Google Pixel 4 could take advantage of Huawei’s troubles — but becoming a phone for the masses won’t be easy
Pixel 4 smartphones are displayed during the Made by Google event in New York, U.S., on Tuesday, Oct. 15, 2019.
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Google could take advantage of the U.S. blacklisting of Huawei to gain market share with its new flagship smartphone, particularly in Europe, analysts say. But a lack of relationships with mobile carriers could hold back the company’s path to becoming a mass market player, they told CNBC.
The U.S. technology giant unveiled the Pixel 4 and Pixel 4 XL on Tuesday, a high-end smartphone with some new features like gesture control. It comes as Huawei remains on the U.S. Entity List restricting its access to American technology, including Google’s Android mobile operating system on which it relies in international markets. Huawei’s flagship device, the Mate 30, was released without licensed Google apps.
Analysts previously told CNBC that not having access to Google could hamper Huawei’s global ambitions. Now they’re suggesting that Google could take advantage of Huawei’s troubles.
“With Huawei facing huge challenges, particularly in Europe, now is the time for Google if it’s serious about moving the needle with Pixel,” Geoff Blaber, vice president of Americas research at CCS Insight, said in a note.
‘Vacuum’ in Europe
However, headwinds remain and could make it tough for Google to challenge Huawei, even with the Chinese technology giant’s current issues.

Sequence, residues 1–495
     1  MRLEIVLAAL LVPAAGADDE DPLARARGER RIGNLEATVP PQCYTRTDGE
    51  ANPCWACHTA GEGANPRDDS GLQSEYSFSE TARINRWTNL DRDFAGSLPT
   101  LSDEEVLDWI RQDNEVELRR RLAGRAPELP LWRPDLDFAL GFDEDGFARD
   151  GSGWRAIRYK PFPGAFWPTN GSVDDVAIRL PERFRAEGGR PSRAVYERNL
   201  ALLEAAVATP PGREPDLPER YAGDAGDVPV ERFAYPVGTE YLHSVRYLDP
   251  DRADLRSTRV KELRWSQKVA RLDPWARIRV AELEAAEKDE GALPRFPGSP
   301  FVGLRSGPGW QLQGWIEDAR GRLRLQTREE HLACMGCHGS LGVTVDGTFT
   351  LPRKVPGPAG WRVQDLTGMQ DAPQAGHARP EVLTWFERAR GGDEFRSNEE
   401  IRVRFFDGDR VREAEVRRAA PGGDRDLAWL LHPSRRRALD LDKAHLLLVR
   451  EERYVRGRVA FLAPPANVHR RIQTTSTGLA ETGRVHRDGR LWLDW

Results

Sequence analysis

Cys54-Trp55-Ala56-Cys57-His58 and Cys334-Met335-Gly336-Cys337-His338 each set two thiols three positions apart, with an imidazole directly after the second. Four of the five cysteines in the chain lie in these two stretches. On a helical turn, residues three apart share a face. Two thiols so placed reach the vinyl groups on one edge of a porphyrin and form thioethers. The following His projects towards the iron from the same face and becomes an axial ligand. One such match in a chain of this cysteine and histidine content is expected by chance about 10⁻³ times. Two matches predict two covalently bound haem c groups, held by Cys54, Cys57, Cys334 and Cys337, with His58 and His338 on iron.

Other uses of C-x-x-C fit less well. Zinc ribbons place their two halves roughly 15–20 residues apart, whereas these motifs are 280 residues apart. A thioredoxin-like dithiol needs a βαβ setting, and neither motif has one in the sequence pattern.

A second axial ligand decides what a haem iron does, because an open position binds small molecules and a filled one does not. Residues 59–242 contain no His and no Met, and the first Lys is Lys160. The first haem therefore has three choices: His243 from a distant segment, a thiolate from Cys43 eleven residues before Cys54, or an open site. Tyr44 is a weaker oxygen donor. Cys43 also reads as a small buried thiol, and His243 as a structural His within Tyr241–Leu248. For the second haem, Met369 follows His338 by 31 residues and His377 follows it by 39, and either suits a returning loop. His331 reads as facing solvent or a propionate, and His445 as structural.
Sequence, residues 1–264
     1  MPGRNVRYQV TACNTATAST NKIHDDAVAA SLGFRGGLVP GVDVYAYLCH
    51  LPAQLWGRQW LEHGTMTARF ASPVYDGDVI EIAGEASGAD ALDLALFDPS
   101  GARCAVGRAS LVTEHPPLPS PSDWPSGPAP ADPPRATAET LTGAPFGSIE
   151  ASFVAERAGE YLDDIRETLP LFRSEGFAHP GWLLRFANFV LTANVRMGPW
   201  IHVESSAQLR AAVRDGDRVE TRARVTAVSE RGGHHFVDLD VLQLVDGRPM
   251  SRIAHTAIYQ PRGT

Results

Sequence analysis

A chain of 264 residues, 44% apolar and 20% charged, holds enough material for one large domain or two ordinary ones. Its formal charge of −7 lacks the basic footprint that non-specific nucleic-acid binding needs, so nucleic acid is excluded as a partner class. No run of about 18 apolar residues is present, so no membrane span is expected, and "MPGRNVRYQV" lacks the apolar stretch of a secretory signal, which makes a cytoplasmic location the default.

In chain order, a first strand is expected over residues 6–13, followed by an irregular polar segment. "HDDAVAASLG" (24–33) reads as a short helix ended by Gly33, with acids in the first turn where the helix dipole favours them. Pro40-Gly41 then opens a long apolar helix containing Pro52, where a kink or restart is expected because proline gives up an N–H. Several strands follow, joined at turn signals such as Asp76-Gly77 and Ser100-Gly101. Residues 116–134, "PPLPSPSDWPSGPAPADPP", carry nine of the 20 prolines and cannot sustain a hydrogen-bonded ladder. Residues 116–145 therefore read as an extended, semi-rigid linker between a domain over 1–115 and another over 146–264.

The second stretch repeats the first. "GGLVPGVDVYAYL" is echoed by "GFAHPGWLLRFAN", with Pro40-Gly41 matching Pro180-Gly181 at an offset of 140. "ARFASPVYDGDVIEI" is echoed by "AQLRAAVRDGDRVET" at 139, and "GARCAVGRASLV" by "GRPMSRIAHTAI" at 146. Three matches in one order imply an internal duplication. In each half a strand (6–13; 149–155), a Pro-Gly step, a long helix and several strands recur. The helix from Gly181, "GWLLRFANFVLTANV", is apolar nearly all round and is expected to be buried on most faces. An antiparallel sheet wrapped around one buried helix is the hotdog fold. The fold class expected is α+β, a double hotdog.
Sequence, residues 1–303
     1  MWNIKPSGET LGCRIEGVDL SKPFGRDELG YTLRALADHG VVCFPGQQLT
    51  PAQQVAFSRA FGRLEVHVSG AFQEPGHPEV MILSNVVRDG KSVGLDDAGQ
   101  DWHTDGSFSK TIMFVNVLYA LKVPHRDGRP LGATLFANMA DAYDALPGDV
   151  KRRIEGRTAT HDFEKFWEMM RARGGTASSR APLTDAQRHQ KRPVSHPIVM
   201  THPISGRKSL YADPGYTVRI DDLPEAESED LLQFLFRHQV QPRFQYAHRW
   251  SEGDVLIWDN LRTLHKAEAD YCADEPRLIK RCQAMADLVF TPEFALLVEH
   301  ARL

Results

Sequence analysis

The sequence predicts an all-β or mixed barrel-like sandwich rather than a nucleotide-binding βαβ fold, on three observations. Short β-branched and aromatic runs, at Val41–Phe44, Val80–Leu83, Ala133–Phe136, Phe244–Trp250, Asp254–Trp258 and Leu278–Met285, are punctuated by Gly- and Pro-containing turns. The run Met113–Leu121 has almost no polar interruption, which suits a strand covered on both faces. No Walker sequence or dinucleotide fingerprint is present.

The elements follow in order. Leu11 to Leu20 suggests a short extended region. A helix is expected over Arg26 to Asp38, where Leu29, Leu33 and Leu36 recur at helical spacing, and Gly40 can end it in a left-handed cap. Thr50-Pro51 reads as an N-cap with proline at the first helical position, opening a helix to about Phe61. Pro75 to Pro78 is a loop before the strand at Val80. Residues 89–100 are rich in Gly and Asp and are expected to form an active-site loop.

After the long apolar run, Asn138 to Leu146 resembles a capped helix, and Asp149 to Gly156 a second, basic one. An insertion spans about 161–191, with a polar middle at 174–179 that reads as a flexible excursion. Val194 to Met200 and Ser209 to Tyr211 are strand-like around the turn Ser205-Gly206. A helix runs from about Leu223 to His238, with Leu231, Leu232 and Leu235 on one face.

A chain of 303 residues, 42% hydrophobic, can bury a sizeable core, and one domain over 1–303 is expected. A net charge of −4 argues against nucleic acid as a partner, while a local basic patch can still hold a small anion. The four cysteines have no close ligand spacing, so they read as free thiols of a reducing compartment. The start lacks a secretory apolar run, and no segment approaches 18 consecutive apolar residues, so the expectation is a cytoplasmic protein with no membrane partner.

Google’s smartphone strategy under its older Nexus lines of phone was not really about mass market scale. Instead, it used to release the devices to show off the best of what its Android software had to offer so other vendors could follow.
But recently, with the Pixel line of phones, it has become serious about being a big handset player. Rick Osterloh, Google’s senior vice president of devices and services, told The Verge in 2017 that the company hopes to be selling in “high volumes in five years.”
Huawei’s issues have sparked debate about what other companies could take advantage of. In particular, Europe is seen as a key battleground, since Huawei is the number two player by market share, behind Samsung. Huawei saw its shipments fall 16% year-on-year in the second quarter, according to Canalys.
But Google’s lack of relationships with mobile carriers on the continent could make it tough for it to challenge Huawei with the Pixel 4.
“The consequences of Huawei’s entity listing has left a vacuum in Europe and a huge opportunity for share gain. However, given the Pixel’s limited operator support in Europe, it’s far more likely to be Samsung that benefits,” Blaber told CNBC in an email, referring the the U.S. blacklist.
In many European countries, carriers are crucial for making expensive, high-end phones a success because they offer fixed-term contracts with monthly payments that often make a device more affordable for consumers.
At its launch event Tuesday, Google announced the Pixel 4 would be carried by a number of U.S. networks including AT&T and Verizon. But very few European carriers have the phone.
“We have to keep in mind that these two vendors (Google and Huawei) compete on two different battlegrounds: three out of four Pixel phones are sold in the U.S., whereas Huawei is effectively non-existent there,” Bryan Ma, vice president of devices research, told CNBC. “Conversely, a key beachhead in Huawei’s overseas momentum is in Europe, where Google’s Pixel line has had a limited presence.”
“Most of the carriers that were announced last night were U.S.-based. So if Google’s priorities are still focused there, then it’s unlikely that they would take much share from Huawei,” Ma said.
For its part, Huawei has remained relatively resilient. In the second-quarter of 2019, it was still the second-largest smartphone player in the world.
It must be noted however, that the Mate 30, which does not have licensed Google apps, was released in the third quarter. Analyst firms have yet to release third quarter numbers.
Huawei also released its own operating system called HarmonyOS in August. The company has insisted on several occasions that it still wants to use Google’s Android.
But Richard Yu, the head of Huawei’s consumer division, said the company could “immediately” switch its devices to HarmonyOS if needed.